Good afternoon. Here’s the latest news you need to know in Chicago. It’s about a 5-minute read that will brief you on today’s biggest stories.
Chicago’s most important news of the day, delivered every weekday afternoon. Plus, a bonus issue on Saturdays that dives into the city’s storied history.
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‘We are in a battle for the heart and soul of these communities,’ top cop says after 15-year-old boy killed and 9 people wounded in two mass shootings on West Side
Reshorna Fitzpatrick stood with four other pastors as police placed white markers near shell casings strewn on the street and sidewalk near Theodore Herzl Elementary School in North Lawndale.
Five people — three of them teens — had been shot there, minutes after five other people had been shot just blocks away. A 15-year-old boy died in that shooting.
“I’m heartbroken,” said Fitzpatrick, pastor of the Stone Temple Missionary Baptist Church down the street. “It’s heartbreaking and shocking because we had gotten to a place where we were really experiencing some peace.”
The two shootings yesterday evening were among three mass attacks in Chicago in a single day. The other occurred close to midnight in Lincoln Park when someone in a passing car shot eight people who had been riding in a party bus.
At least 34 other shootings this year have wounded four or more people, according to a Sun-Times analysis of city data. Over the last five years, Chicago has recorded the most mass shootings in the nation by far, according to the Gun Violence Archive.
Three of the victims from the attacks were 15 and younger, continuing a trend of rising violence against children this year.
More news you need
- A federal judge today sentenced veteran Chicago police officer Nicholas Stella to 15 months in prison for his role in a large-scale, international gambling ring. Stella was also ordered into Chicago’s federal lockup six months ago after prosecutors said he “violently assaulted his girlfriend” last January.
- Gov. Pritzker says he’s planning on going to Lollapalooza despite renewed concerns of another COVID-19 surge fueled by the more infectious Delta variant. If you’re vaccinated, have a mask and practice social distancing, the shows can go on safely, he said — even though daily cases have recently tripled.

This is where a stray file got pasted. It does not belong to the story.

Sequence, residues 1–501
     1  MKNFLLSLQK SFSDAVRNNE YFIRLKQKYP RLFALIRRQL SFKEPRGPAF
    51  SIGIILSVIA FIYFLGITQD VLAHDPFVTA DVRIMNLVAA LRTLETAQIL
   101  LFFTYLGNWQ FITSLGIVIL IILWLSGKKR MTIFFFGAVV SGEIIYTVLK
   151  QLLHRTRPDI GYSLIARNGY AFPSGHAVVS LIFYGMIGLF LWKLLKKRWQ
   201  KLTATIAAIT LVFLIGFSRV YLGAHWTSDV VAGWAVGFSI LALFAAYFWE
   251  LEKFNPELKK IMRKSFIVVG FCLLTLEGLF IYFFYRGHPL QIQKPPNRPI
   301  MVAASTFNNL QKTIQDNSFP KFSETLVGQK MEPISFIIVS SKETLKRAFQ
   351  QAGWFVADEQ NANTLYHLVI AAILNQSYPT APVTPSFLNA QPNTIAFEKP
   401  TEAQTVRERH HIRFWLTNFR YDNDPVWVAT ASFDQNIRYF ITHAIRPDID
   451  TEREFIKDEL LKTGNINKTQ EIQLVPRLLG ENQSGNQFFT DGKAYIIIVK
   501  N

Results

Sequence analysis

- Pritzker also signed a law today that aims to expand access to oral contraceptives by allowing trained pharmacists to assess patients and write a 12-month prescription. It’s a move Pritzker and champions of the bill called a “common sense approach” to helping women get contraceptives from trusted sources.
- A marker honoring Eugene Williams, the first victim of Chicago’s 1919 race riots, will be dedicated Saturday at Lincoln Cemetery, where he has been buried in an unmarked grave. Community members raised money to have the marker made for the 17-year-old, who was killed by a white stone thrower.
- The National Labor Relations Board today ruled that the presence of “Scabby the Rat” at union protests is protected speech that does not violate labor law against “coercive” behavior. That means Chicago-born Scabby and his hulking, inflatable peers will live to fight the boss another day.
- Robert Shaw, a former Chicago alderman from the 9th ward and commissioner with the Cook County Board of Review, has died of cancer at 83. He and his late twin brother William Shaw were a powerful duo in city, county and state politics.
- Chicago is seeing the effects of the wildfires out west this week as smoke clouded the city’s sky and turned the sun orange and red hues. The lingering smoke also caused air quality advisories to be issued for some parts of the United States, including Indiana.
- City Colleges of Chicago plans to aid adult learners this fall with Future Ready, a new initiative featuring 60 free career training programs. The new programs will cover subjects ranging from health care to cannabis operations to criminal justice to auto mechanics.